Nasty Nestor Strikes Again – May 10, 2022
Ke’Bryan Hayes, 3B (PIT)
Hayes just missed his first home run of the season, crushing a 104-mph double deep to left field off Julio Urias. It was one of three hits for the 25 year old, who also stole his third base. He is now hitting .333, propped up by a .425 BABIP. The BABIP will obviously regress, but his hot start is not a mirage. In fact, Hayes is crushing the ball while making contact 83% of the time. His plate discipline and quality of contact are both elite. What keeps him from hitting home runs is a miniscule launch angle. He just doesn’t get lift on his batted balls and therefore it’s all line drives and ground balls. That would lend reason to believing Hayes could eventually make a power adjustment to generate more lift, but it doesn’t appear to be his prerogative right now, which is not a bad thing for fantasy owners seeking batting average or OBP assistance. A healthy, robust Hayes is demonstrating why he emerged as one of the top prospects in the game, and power development is a realistic possibility in his future.
Michael Kopech, SP (CHW)
Kopech’s deepest start of the season was spoiled by a complete collapse of the White Sox bullpen. It took attention away from what has been a fantastic start to the season for the 26-year-old right-hander. Kopech allowed one unearned run on two hits and two walks while striking out seven in six innings. He has allowed at least one earned run in only two of six starts and sports an ERA under 1.00. However, his xFIP is over 4.00 as he has been fortunate to avoid home runs despite a 52% flyball rate. He has also avoided trouble despite walking 13 batters in 29 innings. Eventually the walks will come back to bite him, and that will likely happen when the home runs start piling up. Meanwhile, he isn’t striking out a ton of batters, even though he has an arsenal designed to generate swings and misses. There are some red flags here with Kopech. If you own him, this is a good time to shop around for other owners salivating at his unsupported beginning.
Nestor Cortes, SP (NYY)
Nestor was nasty once again on Monday, flummoxing the Rangers for more than seven innings. Cortes had a no-hitter going into the 8th inning, but Eli White hit a one-out single, which capped Cortes’ evening at 103 pitches. His final line: 7.1 IP, H, 4 BB, 11 K. It was his second start with at least 11 strikeouts, but it was also his second straight start allowing four walks. This after allowing only three walks total in his first four outings. Cortes finished with 17 whiffs and a 35% CSW-rate. He stuck with his hard stuff, throwing his cutter or 4-seam fastball 88% of the time, and although there was a moderate velocity dip, it didn’t lead to worse results. Cortes’ craftiness comes in his ability to roll with what pitches seem to be working in any given start to either limit hard contact or to generate swings and misses. On Monday it was the latter and on the season it has resulted in a sterling 1.41 ERA. There is some baked-in regression coming, signaled by a 88.7% LOB-rate, but start by start Nasty Nestor is showing 2021 was not a fluke.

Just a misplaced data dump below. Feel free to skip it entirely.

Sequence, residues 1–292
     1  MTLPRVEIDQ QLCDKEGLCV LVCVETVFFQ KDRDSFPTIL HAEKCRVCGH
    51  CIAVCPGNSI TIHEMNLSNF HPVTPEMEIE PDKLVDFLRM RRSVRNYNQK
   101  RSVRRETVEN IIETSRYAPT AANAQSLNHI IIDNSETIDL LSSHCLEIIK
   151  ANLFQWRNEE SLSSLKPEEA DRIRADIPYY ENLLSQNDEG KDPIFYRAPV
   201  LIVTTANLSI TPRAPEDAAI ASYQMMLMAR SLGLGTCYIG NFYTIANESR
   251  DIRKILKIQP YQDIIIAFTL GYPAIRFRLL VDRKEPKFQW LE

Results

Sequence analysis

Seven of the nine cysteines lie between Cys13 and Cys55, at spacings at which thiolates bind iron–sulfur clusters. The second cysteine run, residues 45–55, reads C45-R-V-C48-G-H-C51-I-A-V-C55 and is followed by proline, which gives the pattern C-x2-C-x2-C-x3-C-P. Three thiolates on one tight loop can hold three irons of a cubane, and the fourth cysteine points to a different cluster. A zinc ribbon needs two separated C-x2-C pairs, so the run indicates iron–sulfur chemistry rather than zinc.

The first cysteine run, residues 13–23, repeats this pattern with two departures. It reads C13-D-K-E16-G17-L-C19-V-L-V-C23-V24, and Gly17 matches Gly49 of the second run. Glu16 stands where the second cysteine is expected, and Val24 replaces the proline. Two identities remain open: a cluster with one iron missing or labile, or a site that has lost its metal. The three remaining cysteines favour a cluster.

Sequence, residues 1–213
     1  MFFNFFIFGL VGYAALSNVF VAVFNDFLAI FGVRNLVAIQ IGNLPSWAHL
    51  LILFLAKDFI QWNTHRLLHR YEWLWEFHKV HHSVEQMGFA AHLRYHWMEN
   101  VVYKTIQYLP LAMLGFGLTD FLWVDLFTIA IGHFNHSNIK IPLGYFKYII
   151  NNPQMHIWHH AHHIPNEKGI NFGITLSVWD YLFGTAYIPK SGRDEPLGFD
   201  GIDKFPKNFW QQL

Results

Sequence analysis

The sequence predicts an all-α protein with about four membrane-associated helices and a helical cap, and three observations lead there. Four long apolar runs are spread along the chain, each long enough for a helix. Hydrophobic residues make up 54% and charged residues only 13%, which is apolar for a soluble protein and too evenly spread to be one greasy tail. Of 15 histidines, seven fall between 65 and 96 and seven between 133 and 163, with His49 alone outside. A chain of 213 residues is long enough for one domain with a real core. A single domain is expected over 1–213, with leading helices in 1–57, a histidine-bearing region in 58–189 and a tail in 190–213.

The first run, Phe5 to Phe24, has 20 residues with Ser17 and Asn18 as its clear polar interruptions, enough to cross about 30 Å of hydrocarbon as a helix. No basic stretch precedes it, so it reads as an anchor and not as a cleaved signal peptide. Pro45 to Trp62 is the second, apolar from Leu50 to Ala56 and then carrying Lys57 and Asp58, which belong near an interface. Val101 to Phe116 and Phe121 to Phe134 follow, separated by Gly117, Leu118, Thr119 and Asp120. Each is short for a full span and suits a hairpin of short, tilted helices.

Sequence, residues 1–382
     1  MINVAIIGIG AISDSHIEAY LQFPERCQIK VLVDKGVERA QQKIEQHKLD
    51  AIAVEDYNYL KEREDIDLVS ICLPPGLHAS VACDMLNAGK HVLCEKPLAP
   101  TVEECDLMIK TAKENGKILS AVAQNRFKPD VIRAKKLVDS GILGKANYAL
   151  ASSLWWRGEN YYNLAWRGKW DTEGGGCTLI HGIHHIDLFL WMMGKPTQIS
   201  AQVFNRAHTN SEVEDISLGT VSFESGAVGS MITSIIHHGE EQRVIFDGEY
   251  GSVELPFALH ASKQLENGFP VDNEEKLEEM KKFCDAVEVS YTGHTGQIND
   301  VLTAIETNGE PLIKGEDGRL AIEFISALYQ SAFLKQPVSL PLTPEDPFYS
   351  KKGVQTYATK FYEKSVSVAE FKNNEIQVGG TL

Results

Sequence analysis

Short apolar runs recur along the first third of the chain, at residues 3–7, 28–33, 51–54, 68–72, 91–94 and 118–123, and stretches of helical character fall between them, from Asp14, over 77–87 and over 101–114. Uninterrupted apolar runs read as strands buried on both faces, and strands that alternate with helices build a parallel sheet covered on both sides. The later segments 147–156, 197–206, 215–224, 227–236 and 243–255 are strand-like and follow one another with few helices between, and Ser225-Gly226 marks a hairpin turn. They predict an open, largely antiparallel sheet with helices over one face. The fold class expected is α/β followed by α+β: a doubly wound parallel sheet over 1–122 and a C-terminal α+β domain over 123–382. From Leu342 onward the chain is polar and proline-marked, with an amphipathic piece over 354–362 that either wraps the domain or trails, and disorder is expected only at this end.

Ranger Suarez, SP (PHI)
Suarez delivered his best start on Monday, tossing six scoreless innings, allowing four hits and two walks while striking out seven. He improved to 3-1 with a 3.68 ERA. It was his first start striking out more batters than innings pitched. Last year he averaged just over one strikeout per inning. Meanwhile, walks and home runs have been problematic this year, but he avoided trouble on Monday. He finished with a 34% CSW-rate and allowed weak contact. Furthermore, he kept the ball on the ground. When Suarez was at his best last season, it was a product of his near-60% groundball rate. If he can execute his sinker well enough to increase his groundball rate again, he can continue to improve.
Brandon Woodruff, SP (MIL)
I’m not incredibly worried about Woodruff, but I do wonder if he needs a stint on the IL, although remember there are no longer 10-day stays. Woodruff was battered for six runs (five earned) in 4.1 innings on eight hits and two walks en route to his second loss of the season. He struck out six but allowed two home runs. His velocity continues to lag below where it was last year; however, it was promising to see his curveball generate four called strikes and one swinging strike in seven pitches. What had been a very effective pitch for Woodruff has been atrocious in the early going this year. It was better on Monday though. Mired by a sub-60 LOB-rate, Woodruff’s ERA is an ugly 5.97, but his xFIP is a much more palatable 3.26. My concern is the reduced pitch velocity and inflated average exit velocity. He is getting hit harder, which is leading to more base hits and home runs. He is still generating strikeouts and didn’t allow a run in two of his six starts, but he’s not quite the dominant ace of the last several seasons yet.
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